Rob Cobb

Speak up

May 07, 2013blogdiamondback

This post is from May 07, 2013. My views have probably changed since then. If it's about technology, any code is probably broken by this point.

This post originally appeared as a column in The Diamondback

I know very little about many different things. I’m not trying to be humble — I also know lots about a few things. Simply put, there are many areas in which I am not an expert, don’t have the relevant facts or haven’t considered all sides of the argument. It’s why I am wrong so often.

A few years ago, when I was less careful with my words, I learned a friend of mine was a vegetarian. I ribbed her incessantly. Thankfully, she was thick-skinned and willing to engage in a discussion about her moral position. I came to a deeper understanding of the complex reasons involved in her decision, and she forgave my joking.

Nuclear power, mental health stigmas, taxation, media quality, constitutional rights, US-Israel relations, animal welfare, media portrayal of violence, campus housing, abortion, Department of Transportation Services, Planned Parenthood, technology policy, education funding, immigration, health policy, the death penalty, drug use, the Beatles or the Rolling Stones, drones on the campus — the list goes on. There are so many issues! And bringing up the wrong one with the wrong person will get you an earful or even a scuffle.

I have felt the twisting guilt of not knowing enough about an issue and the shame of having to ask why everyone is up in arms. I’ve also seen the rare courage of those who, upon hearing a clearly articulated counterpoint, admitted they were wrong.

So, what are we supposed to do? Let’s give voice to our uninformed opinions, even if they are wrong — especially if they are wrong. Let’s explore issues, listen closely to the opinions we oppose and challenge the opinions we admire. When we don’t understand, let’s ask for further explanation. Let’s not assume our questions are a burden to others or to make us look silly. Usually, people are glad to have a chance to explain something they know about.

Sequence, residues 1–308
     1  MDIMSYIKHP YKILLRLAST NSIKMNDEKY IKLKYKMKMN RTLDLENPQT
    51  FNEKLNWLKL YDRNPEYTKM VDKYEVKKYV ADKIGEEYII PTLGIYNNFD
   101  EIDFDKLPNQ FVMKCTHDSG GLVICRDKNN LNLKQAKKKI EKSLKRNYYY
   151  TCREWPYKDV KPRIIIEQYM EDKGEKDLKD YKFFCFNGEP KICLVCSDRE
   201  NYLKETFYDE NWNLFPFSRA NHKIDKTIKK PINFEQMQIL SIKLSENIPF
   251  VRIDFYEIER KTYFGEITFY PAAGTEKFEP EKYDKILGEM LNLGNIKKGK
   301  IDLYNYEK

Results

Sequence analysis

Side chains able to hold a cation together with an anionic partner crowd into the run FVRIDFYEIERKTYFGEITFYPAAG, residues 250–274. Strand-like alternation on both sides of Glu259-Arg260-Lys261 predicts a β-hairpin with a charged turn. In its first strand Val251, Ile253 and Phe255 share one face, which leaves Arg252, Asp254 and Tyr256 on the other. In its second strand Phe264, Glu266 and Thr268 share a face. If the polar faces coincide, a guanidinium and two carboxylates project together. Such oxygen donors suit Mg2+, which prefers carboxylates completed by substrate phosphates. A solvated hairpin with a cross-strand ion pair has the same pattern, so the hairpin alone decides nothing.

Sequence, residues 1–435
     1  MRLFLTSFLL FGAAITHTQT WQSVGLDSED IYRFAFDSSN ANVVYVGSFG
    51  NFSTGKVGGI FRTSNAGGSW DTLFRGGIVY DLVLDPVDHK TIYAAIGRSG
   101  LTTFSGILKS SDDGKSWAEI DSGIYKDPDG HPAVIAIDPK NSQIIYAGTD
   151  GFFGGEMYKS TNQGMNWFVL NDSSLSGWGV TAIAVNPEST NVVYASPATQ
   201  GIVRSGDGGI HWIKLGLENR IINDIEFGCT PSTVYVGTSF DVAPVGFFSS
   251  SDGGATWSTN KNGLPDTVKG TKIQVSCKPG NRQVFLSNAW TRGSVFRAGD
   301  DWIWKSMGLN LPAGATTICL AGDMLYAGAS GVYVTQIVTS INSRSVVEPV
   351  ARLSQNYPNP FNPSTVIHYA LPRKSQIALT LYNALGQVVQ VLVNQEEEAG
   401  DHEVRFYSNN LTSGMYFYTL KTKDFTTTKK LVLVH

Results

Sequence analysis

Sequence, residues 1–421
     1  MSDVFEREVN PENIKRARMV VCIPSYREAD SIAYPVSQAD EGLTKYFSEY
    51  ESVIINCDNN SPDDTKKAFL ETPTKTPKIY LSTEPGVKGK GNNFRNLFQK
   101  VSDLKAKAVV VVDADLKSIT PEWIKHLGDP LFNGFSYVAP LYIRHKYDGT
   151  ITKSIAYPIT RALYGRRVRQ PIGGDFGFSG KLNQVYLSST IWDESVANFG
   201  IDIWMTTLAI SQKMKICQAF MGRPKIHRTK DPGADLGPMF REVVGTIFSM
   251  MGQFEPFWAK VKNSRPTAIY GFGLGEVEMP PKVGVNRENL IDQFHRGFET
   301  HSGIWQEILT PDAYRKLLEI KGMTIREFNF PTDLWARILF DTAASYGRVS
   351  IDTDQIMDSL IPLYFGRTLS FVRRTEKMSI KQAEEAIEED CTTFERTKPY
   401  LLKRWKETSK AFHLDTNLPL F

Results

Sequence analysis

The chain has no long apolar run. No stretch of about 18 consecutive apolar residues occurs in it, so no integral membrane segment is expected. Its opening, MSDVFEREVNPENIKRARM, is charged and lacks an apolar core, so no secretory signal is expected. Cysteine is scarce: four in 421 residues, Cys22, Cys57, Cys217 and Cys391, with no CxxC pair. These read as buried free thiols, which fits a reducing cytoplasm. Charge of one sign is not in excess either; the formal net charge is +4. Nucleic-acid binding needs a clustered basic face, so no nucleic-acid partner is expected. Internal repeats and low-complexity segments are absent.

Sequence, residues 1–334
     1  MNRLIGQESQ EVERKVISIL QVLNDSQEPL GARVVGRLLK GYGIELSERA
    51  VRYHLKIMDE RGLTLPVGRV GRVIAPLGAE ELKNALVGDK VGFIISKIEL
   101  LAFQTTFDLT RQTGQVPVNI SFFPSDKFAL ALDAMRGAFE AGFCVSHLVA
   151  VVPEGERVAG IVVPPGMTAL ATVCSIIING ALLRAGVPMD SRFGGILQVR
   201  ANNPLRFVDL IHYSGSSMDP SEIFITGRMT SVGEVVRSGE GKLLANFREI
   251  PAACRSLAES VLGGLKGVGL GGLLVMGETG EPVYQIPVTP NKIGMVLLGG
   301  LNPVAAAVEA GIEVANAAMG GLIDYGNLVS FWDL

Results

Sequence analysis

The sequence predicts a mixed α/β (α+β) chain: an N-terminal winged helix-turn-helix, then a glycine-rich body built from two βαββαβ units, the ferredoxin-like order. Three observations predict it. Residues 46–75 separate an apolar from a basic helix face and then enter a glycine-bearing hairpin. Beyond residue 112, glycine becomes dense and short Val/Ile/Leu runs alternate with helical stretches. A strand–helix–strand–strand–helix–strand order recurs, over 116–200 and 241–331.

When we share our dumb opinions — expecting others to help us learn — we also have to give up shaming ignorance. Particularly in college, people get all self-righteous because they know about a pressing issue and someone else is uninformed. Stop it! People don’t choose ignorance, and speaking down to people doesn’t help your cause.

And how can you judge others for their dumbness when your opinions on so many issues are equally dumb? If you haven’t got some dumb opinions, you don’t have enough opinions. The goal: to figure out, through conversation, which opinions are good and which are bad — which are rational and which lack coherence. You don’t know when you are right and when you are wrong — that’s the fun of being an adult.

We live in a strange time and place. People are segregated by beliefs and ideas more so than by race, class or interest. Empathetic, diplomatic individuals will make progress possible. What’s more, each issue relates intimately to others: The more you know about foreign policy, the better equipped you will be to discuss poverty. The better you can speak about gender equality, the more people will listen when you talk about weapons proliferation and peace.

While it is your duty as a mature adult to conduct yourself civilly, you owe it to your ideas to stand strong. Don’t be steamrolled or silenced by your opposites. As you give respect, so should you expect it. You will learn from people with very different opinions. How wonderful, how strange that reasonable people with access to the same information could disagree. You will become smarter and better-spoken; you will surround yourself with intelligent, passionate people, and your life will open up in ways you never expected. All from voicing your dumb opinion.



🤓😽 Rob Cobb
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